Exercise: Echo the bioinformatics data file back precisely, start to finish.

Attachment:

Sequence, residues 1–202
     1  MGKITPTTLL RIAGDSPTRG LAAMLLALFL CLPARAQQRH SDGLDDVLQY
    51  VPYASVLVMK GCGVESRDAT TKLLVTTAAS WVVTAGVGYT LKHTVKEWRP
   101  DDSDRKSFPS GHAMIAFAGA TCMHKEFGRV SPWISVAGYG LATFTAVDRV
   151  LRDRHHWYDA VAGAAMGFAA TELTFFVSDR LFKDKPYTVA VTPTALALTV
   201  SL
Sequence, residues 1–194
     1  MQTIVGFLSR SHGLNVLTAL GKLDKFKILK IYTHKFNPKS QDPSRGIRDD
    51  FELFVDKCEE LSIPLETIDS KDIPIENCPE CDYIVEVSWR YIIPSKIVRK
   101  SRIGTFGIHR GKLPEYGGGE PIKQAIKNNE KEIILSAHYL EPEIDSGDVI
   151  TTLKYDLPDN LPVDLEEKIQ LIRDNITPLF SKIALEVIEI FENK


Sequence, residues 1–202
     1  MGKITPTTLL RIAGDSPTRG LAAMLLALFL CLPARAQQRH SDGLDDVLQY
    51  VPYASVLVMK GCGVESRDAT TKLLVTTAAS WVVTAGVGYT LKHTVKEWRP
   101  DDSDRKSFPS GHAMIAFAGA TCMHKEFGRV SPWISVAGYG LATFTAVDRV
   151  LRDRHHWYDA VAGAAMGFAA TELTFFVSDR LFKDKPYTVA VTPTALALTV
   201  SL
Sequence, residues 1–194
     1  MQTIVGFLSR SHGLNVLTAL GKLDKFKILK IYTHKFNPKS QDPSRGIRDD
    51  FELFVDKCEE LSIPLETIDS KDIPIENCPE CDYIVEVSWR YIIPSKIVRK
   101  SRIGTFGIHR GKLPEYGGGE PIKQAIKNNE KEIILSAHYL EPEIDSGDVI
   151  TTLKYDLPDN LPVDLEEKIQ LIRDNITPLF SKIALEVIEI FENK